In our study, we observed corneal haze, safety, efficacy, safety index, and efficacy index apart from the visual outcomes using single-step t-PRK and compared with conventional PRK. We found that none of our patients lost 2 or more lines of preoperative BCVA. Thus, both the procedures are safe and as all the eyes attained a postoperative UCVA of 20/40 or better, it makes both the procedures equally efficient. Though statistically insignificant, better visual outcome (20/20 or better) was noticed in the PRK group at the end of mean follow-up of 3.5 months, and this could be attributed to the inclusion of more number of patients with high myopia in the t-PRK group, among whom, the ablation depth was more when compared to low to moderate dioptric power eyes, resulting in relatively more haze formation, though the haze resolved in all the patients who came for the follow-up after 6 months in t-PRK group.

The strength of our study is that this is first study which compared the safety, efficacy, and complications apart from visual outcomes in the conventional PRK and single- step t-PRK in low to high myopia in the Asian Indian Eyes, whereas most of the other studies have compared two step t-PRK with the alcohol assisted PRK or single-step t-PRK with alcohol assisted PRK.

Limitation of this study is shorter mean follow-up time (i.e., 3.5 months) and no upper limit for the grade of myopia (as our main inclusion criteria was to include patients who had come for all the follow-up visits and there were more patients of high myopia among the t-PRK group). Despite these limitations, our results at the end of mean follow-up of 3.5 months shows that the postoperative UCVA, postoperative BCVA, efficacy, safety, safety index, and efficacy index of the t-PRK group for the treatment of low to high myopia with and without astigmatism in Asian Indian Eyes were same as compared to PRK group, using the 6th-generation Amaris excimer laser, version 500E (Schwind eye-tech-solutions).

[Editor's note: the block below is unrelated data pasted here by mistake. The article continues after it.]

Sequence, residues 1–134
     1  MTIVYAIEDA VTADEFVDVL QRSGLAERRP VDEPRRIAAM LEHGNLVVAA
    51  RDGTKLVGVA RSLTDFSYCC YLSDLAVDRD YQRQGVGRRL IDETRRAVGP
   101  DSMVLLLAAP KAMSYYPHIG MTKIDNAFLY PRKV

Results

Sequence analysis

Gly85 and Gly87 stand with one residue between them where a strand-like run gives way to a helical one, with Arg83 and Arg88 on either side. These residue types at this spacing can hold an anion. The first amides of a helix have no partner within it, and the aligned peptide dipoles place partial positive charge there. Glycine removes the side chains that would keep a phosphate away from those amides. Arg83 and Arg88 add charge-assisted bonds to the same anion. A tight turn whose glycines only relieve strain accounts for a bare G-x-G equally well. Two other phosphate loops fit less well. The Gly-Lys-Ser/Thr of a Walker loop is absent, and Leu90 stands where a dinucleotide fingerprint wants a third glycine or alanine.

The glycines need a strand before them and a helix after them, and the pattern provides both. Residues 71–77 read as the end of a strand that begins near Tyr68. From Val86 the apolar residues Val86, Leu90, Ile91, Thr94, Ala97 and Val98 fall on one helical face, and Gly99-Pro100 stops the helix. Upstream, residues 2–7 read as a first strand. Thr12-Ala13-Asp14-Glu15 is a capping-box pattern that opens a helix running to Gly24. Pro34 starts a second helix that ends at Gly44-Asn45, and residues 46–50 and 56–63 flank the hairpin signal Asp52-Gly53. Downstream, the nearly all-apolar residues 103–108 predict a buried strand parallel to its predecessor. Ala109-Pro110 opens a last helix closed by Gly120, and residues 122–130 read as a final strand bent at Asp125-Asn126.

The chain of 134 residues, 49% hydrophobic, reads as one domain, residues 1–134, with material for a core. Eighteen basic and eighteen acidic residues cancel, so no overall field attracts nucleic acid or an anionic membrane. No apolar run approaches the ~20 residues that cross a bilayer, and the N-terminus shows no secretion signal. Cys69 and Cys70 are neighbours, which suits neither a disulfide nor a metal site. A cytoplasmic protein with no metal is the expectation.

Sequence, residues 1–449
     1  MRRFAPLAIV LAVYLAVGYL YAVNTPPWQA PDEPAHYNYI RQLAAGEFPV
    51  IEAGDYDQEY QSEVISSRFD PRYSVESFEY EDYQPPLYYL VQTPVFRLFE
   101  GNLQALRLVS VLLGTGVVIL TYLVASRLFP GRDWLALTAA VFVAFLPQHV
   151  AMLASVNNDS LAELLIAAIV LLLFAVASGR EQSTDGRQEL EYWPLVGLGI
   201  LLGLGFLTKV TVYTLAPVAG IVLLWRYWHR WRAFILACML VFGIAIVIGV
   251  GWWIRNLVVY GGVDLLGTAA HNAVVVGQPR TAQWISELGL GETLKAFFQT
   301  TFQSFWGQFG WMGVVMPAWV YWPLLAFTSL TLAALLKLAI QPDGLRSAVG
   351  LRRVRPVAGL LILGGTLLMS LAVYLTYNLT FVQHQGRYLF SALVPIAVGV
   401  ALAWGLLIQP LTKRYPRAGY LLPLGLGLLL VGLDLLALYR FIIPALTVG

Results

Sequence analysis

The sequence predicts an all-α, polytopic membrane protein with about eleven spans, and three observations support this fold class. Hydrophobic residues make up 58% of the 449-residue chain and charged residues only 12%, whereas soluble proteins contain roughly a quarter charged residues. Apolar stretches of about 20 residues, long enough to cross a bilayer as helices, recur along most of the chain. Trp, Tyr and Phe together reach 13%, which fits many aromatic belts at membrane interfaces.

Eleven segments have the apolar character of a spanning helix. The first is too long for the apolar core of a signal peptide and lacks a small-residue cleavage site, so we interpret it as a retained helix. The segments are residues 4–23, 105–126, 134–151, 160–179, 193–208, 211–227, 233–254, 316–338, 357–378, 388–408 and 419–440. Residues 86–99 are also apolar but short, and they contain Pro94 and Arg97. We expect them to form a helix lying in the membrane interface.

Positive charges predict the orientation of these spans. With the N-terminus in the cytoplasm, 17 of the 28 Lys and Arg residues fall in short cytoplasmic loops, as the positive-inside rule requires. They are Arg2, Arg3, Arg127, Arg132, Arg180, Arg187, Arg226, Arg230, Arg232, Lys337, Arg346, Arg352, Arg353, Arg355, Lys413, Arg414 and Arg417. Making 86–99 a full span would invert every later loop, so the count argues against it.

Conclusion Top

We conclude that the single-step t-PRK and conventional PRK produce similar results after a mean follow-up of 3.5 months. These procedures are predictable, effective, and safe for the correction of low to high myopia and compound myopic astigmatism. There was higher incidence of corneal haze in the t-PRK group, when compared to the PRK group, which was statistically significant. Also, a follow-up period of at least 6 months would have been better to assess the corneal transparency in the t-PRK group.


Dr Anupama Kalwad, Anand Eye Institute, Hyderabad.

Declaration of patient consent

The authors certify that they have obtained all appropriate patient consent forms. In the form the patient(s) has/have given his/her/their consent for his/her/their images and other clinical information to be reported in the journal. The patients understand that their names and initials will not be published and due efforts will be made to conceal their identity, but anonymity cannot be guaranteed.

Financial support and sponsorship


Conflicts of interest

There are no conflicts of interest.

  References Top

Margo JA, Munir WM. Corneal haze following refractive surgery: A review of pathophysiology, incidence, prevention, and treatment. Int Ophthalmol Clin 2016;56:111-25.  Back to cited text no. 1
Netto MV, Mohan RR, Ambrósio R Jr, Hutcheon AE, Zieske JD, Wilson SE. Wound healing in the cornea: A review of refractive surgery complications and new prospects for therapy. Cornea 2005;24:509-22.  Back to cited text no. 2
Shortt AJ, Allan BD, Evans JR. Laser-assisted in-situ keratomileusis (LASIK) versus photorefractive keratectomy (PRK) for myopia. Cochrane Database Syst Rev 2013;CD005135. doi: 10.1002/14651858.CD005135.pub3.  Back to cited text no. 3
Ghadhfan F, Al-Rajhi A, Wagoner MD. Laser in situ keratomileusis versus surface ablation: Visual outcomes and complications. J Cataract Refract Surg 2007;33:2041-8.  Back to cited text no. 4
Pallikaris IG, Katsanevaki VJ, Kalyvianaki MI, Naoumidi II. Advances in subepithelial excimer refractive surgery techniques: Epi-LASIK. Curr Opin Ophthalmol 2003;14:207-12.  Back to cited text no. 5